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11: Last Day

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We had been 99 days in Bantjeuj. By now we were lift with 13 people: 6 children and 7 adults. We came in with 33 people: one person had gone mad and the three children of Mrs. O'Hara had been released, sixteen died.

We thought it was a day like other days, but suddenly at about midnight "Uncle" woke us up by speaking through the bars to us; "Tomorrow you are leaving, you are going to be transported. The Japanese officer has just told us that a truck is coming to fetch you." That was all; he was gone.

We all sat up and shivered. None of us could sleep anymore. How scared we were for the future. We were imagining all sorts of horrible things that could befall us. Really it was madness because conditions could not get much worse than what we were already experiencing. Sleeping on a soaked cold ground with rats moving around us at night, the toilet blocked and overflowing, swarms of flies and diseases, no water to wash ourselves, no change of clothing for 99 days, interrogation and little food ... that was our life in Bantjeuj.

So little hope and trust we have for "better things to come." We are quicker inclined to drop to gloominess than to hope for joy ahead. We had fleas in our hair, we smelt, and it was with shaky legs that we followed the warden the next morning to the awaiting truck. We said good-bye to the hollow faces behind the bars of the cells which we passed on our way to the inner courtyard. The voices whispered; "God bless you!" - "God protect you."

The gates opened with a loud runty screeching noise and off we went out of the jaws of the monster into the world "outside." How wonderful, how wonderful to see such an expansion of sky, to see trees and grass even flowers, to see people on cycles in cars and walking. Oh how wonderful the world is with all its vanities and colours. Then we saw a big notice up in the distance "Tjihajit" and we laughed from relief, as we had been brought to a camp.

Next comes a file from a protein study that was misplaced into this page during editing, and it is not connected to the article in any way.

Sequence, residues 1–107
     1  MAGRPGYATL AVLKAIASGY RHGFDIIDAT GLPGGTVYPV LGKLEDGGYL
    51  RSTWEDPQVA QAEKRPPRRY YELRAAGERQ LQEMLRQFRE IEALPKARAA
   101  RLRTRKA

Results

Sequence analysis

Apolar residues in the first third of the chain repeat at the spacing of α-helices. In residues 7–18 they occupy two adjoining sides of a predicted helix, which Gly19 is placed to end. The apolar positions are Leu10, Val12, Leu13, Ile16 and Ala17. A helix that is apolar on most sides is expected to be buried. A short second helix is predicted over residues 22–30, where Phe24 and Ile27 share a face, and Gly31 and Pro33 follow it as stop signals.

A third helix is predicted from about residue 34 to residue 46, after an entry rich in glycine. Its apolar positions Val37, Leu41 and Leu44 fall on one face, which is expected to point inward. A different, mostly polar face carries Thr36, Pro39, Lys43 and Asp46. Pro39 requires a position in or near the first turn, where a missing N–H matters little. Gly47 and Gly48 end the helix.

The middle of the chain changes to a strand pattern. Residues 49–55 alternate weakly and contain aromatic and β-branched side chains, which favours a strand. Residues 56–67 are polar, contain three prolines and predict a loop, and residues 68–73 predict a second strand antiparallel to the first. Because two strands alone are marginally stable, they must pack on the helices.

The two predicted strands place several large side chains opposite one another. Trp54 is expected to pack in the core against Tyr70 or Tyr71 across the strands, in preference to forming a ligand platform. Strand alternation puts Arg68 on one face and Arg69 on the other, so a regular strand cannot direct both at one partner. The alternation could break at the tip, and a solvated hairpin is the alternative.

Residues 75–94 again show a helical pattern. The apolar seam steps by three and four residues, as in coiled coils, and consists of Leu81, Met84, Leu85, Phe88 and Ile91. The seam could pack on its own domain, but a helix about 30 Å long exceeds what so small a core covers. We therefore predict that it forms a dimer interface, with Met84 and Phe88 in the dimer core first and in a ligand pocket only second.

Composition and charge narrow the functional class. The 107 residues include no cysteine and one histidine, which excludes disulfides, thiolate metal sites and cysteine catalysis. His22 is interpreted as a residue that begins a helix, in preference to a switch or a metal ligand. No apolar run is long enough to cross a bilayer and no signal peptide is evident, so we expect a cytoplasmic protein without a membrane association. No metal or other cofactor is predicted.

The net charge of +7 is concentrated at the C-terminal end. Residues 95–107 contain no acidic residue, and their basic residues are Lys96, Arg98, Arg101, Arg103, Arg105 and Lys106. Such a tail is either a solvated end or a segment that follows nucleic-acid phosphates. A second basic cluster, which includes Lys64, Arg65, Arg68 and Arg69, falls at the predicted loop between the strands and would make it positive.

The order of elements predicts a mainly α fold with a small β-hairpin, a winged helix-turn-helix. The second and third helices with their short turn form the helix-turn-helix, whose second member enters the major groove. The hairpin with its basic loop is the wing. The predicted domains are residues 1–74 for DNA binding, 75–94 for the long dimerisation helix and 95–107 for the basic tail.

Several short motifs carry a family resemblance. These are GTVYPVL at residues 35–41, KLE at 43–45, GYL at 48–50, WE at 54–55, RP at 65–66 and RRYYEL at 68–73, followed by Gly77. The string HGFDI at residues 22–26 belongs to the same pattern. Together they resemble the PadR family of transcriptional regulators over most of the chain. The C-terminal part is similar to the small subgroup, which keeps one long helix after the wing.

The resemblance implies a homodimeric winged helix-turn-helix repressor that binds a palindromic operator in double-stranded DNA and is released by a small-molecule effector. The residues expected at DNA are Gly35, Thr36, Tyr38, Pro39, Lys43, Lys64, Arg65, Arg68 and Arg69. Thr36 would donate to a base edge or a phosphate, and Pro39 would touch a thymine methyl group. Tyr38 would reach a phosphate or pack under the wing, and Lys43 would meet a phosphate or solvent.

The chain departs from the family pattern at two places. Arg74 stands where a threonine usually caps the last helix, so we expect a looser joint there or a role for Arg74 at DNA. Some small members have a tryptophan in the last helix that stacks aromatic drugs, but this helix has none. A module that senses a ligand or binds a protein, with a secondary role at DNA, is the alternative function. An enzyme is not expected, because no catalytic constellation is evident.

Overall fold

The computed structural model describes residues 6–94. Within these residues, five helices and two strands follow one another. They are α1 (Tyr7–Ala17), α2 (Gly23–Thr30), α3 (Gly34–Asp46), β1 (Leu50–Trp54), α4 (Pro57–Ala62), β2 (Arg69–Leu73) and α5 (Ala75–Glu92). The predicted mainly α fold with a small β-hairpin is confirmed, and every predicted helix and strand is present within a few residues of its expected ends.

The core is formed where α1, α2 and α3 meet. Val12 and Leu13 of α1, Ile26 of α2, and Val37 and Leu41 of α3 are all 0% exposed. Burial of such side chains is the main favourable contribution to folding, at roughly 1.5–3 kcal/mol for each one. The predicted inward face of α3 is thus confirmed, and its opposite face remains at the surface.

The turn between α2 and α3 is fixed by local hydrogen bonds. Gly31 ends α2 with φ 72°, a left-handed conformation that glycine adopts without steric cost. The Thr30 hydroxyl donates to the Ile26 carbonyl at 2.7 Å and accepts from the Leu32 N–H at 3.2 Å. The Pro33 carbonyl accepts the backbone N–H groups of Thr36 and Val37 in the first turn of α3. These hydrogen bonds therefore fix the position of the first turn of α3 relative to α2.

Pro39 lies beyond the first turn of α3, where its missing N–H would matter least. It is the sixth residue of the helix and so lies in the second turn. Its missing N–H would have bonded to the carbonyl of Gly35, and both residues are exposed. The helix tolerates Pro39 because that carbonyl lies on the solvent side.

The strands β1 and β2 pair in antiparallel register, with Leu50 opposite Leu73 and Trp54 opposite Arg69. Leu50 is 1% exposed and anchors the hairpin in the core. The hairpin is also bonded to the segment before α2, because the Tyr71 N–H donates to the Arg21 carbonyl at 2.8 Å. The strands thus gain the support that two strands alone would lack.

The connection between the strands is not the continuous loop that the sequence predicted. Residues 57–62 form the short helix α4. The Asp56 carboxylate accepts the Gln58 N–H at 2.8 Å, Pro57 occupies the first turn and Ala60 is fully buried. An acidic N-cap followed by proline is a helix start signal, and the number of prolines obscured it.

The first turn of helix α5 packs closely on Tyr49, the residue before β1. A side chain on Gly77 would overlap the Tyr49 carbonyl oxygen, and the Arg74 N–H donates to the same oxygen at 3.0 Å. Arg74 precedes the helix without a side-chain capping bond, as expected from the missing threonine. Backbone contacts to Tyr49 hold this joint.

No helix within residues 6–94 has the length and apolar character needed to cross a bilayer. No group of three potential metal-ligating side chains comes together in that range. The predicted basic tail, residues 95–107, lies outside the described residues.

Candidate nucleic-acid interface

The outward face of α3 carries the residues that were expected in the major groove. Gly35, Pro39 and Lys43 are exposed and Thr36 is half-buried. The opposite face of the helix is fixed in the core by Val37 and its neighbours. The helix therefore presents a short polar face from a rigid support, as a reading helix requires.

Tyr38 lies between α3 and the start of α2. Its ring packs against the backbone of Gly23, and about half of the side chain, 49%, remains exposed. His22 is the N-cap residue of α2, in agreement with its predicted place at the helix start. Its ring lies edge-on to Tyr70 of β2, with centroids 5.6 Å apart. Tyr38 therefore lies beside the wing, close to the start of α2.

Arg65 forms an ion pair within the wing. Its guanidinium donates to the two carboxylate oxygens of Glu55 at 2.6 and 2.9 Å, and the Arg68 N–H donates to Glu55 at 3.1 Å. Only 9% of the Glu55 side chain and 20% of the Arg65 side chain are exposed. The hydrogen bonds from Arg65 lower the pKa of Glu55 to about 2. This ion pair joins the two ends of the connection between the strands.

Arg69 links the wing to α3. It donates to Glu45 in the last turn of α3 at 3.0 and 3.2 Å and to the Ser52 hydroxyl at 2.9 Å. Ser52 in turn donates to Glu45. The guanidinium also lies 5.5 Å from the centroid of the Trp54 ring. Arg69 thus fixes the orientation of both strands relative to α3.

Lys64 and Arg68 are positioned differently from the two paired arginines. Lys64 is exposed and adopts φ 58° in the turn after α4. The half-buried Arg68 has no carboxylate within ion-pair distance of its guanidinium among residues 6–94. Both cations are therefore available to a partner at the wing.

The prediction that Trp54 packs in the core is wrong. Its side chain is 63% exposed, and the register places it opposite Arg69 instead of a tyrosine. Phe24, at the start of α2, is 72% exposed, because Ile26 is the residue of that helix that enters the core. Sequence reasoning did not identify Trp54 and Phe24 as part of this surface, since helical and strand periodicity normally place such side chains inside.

When we clambered down from the truck, women came rushing up to us and it was like Paradise. First of all we were scrubbed and scrubbed and de-flead [sic]. Food was offered to us, rice with cabbage, and we talked and told them how lucky they were to be in Tjihajit-camp instead of Bantjeuj prison. One hundred days in Bantjeuj was like a life of its own. I always think of my life before Bantjeuj - then Bantjeuj as a life of its own, one hundred days in Bantjeuj - life after Bantjeuj. Towards the Japanese I do not feel a hatred or a need for revenge, because due to Bantjeuj I learned what the significance of life is, to prepare for death, which is the beginning of a real true full life of being instead of "existing in time." I know the Japanese did not set out purposely to teach me the meaning of life, but I am so grateful for what I received spiritually, I hope this may off set the darkness of their souls, their cruel inflicting of needless suffering.